Cobb County’s elections board certified county results for the Nov. 3 election Friday, as a recount started for the presidential election.
The board unanimously voted to make the results official, which show a total of 396,551 Cobb residents voted in the election, or 73.76% of registered voters. Of those, 149,911 were absentee by mail, 174,979 were cast early in person, and 71,117 were in person on Election Day. An additional 544 votes were provisional ballots.
In 2016’s presidential election, 424,176 Cobb voters cast their ballots, 79.09% of registered voters in the county.
As of Cobb’s certified results, Democrats swept races for many the county’s most important offices.
Democrat Lisa Cupid was elected chair of the Cobb Board of Commissioners, earning 203,844 votes or 53.15%, over incumbent Chairman Mike Boyce’s 179,667 votes.
In the commission race for District 2, Democrat Jerica Richardson scraped a victory with just under a one-point lead, with 53,776, or 50.49% of the vote over Republican Fitz Johnson’s 52,724 votes (49.51%).
Democrat Craig Owens will replace incumbent Republican Sheriff Neil Warren, receiving 213,143 votes (55.24%), 40,437 more than Warren’s 172,706.
Democrat Flynn Broady will be Cobb’s new district attorney next year, with 197,553 votes, or 51.34%. Republican District Attorney Joyette Holmes earned 187,241 votes.
Election Day went “very smooth,” Cobb Elections Director Janine Eveler told board members at their meeting Friday.
“That’s attributable to so many voters voting early and by mail. We also did a great deal of training for the poll workers that we didn’t have an opportunity to do for the June election,” she said.
Eveler said 73.76% turnout was a low percentage for a presidential election, but that was because many more people have registered to vote in the last four years.
“Since 2016, we’ve had automatic voter registration through driver services, so that has increased the number of people registered, even though perhaps they haven’t actually voted,” she said.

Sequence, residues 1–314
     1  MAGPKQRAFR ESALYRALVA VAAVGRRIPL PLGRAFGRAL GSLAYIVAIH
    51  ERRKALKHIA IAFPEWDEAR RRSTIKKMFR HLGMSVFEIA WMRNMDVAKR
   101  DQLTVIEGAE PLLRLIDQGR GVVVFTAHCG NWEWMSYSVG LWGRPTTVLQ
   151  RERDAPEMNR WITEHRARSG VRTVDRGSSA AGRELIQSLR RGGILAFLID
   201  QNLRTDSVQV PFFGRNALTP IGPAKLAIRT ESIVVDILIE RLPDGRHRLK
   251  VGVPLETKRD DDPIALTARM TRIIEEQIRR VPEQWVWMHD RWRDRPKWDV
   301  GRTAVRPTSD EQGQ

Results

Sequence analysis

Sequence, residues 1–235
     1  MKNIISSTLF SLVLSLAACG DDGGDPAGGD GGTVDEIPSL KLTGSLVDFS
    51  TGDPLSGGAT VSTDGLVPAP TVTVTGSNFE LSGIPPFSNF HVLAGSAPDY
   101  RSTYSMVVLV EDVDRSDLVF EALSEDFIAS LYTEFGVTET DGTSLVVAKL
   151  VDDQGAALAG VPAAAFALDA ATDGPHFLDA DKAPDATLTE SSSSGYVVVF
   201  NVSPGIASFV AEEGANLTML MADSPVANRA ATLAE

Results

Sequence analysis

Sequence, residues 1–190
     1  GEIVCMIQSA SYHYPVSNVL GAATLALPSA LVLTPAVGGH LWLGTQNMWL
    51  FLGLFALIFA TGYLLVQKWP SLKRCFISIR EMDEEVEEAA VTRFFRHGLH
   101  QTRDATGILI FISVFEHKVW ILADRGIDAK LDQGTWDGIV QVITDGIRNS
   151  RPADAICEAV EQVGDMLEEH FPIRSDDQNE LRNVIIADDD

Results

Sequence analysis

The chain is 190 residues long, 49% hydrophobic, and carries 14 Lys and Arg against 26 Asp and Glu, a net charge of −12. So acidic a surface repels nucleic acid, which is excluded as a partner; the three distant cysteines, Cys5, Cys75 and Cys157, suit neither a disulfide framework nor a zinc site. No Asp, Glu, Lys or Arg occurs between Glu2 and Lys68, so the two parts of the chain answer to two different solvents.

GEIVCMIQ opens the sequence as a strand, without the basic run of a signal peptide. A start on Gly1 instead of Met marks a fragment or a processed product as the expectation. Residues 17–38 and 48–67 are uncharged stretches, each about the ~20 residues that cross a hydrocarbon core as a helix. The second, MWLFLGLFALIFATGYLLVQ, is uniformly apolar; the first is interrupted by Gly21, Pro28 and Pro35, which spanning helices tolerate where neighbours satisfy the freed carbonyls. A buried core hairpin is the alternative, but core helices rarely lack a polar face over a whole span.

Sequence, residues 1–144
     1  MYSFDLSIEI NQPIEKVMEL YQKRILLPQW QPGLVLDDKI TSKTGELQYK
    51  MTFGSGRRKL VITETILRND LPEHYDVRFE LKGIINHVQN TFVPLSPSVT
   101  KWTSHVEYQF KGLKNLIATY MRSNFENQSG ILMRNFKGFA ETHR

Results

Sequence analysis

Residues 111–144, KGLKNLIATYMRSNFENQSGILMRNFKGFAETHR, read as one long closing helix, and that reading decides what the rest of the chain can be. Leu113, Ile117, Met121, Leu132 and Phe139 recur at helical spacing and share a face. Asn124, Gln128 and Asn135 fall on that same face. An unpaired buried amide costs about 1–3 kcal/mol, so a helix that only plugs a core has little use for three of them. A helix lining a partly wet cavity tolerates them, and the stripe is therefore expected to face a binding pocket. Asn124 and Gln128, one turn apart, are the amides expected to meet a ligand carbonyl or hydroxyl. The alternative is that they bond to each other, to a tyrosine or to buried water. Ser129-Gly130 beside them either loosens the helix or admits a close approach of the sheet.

Since Election Day, election workers found a few errors, which were fixed by the time results were certified, Eveler said.
Earlier this week, workers found 340 ballots that had not been counted due to a scanner at the Roswell 01 precinct that was not uploaded to the system. Another 25 ballots from the Kennesaw 2A precinct were added after workers found a scanner malfunction prevented those votes from being counted, and 34 ballots from the adjudication process were added to the results.
And, elections officials added another two absentee ballots that were turned in on time but either had a missing signature or a signature mismatch, and were cured later, Eveler said.
“It’s a good thing that you find these things because then I can say I’ve checked everything,” she said. “The anomalies we have found, we have corrected.”
Friday, Cobb election workers started a recount ordered by Georgia Secretary of State Brad Raffensperger for the presidential election. If results from the recount are different from the certified results, the board will reconvene to re-certify the results of that race, Eveler said.
As of Friday, former Vice President Joe Biden was leading over President Donald Trump by 14,122 votes statewide, and in Cobb Biden was ahead by 56,387. With 114 of Georgia’s 159 counties having certified results, multiple media outlets have projected Biden the winner of the state’s 16 electoral votes.
After the results were certified, board members asked the elections director to explain measures the elections office is taking to protect the recount process.
Eveler said the workers are a mix of full-time county elections staff, poll workers and those who counted absentee ballots, as well as some additional temporary staff. These groups are being separated upon arrival to the recount site, and assigned to different tables to sort votes.
“Our thought was if people were coming together, they may be friends, they may have some alliance, and so they were separated in the tables when they came in, and the second person came from a later group,” she said.
Teams of two confirm together which candidate is on the ballot before sorting it, and the sorted ballots are then counted by a machine. The teams sign each batch they work on.
County election offices have until 11:59 p.m. Wednesday to submit recount figures to the Georgia Secretary of State.